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Contemporary Italian Politics Through Film

Instructor: Simon Martin [see profile]

Disciplines: History, Political Science, Film and Media Studies

Italian cinema provides an excellent route for understanding social and political change throughout the 20th and 21st centuries. As arguably the most important artistic medium of modernity, this course will analyze some of the most relevant Italian film productions in clearly defined periods of history. Examination of the selected films as socio-historical documents in conjunction with class lectures and discussion, will provide students with a solid grounding in the dramatic changes that Italy experienced in this period and the differing political regimes, ideologies and  administrations that drove them, such as Fascism, Communism, the Catholic Church, terrorism and the emergence of the ‘New Right’ in the 1990s. Topics and directors may be drawn from:  Second World War (Rossellini), the 1950s reconstruction (De Sica), the economic miracle (Fellini, Visconti), the 1970s (Petri, Bertolucci, the Taviani brothers), the Berlusconi Years (Gandini, Moretti) through to the contemporary period (Dritti, Sorrentino, Bhuiyan).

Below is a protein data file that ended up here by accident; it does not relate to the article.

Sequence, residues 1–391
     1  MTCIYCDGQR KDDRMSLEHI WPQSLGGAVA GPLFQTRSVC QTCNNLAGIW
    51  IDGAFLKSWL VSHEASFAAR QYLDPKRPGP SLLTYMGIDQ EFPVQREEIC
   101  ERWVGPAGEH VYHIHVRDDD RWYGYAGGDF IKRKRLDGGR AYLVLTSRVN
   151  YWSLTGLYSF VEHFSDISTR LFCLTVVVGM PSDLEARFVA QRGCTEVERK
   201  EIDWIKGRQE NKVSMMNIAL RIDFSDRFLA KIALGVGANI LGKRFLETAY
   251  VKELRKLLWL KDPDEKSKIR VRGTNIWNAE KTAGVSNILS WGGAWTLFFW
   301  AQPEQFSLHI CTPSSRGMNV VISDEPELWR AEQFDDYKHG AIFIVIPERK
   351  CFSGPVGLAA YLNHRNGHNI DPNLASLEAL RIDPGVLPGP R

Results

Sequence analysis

Film Screenings
As this is a film class students will be required to watch a minimum of five, which are screened outside of class time at the Rome Study Center. This means that students who choose this course will have 10-15 extra hours of screening during the five weeks of the course.

 

Requirements

  • a midterm 
  • a final paper (6 pages) 
  • a final exam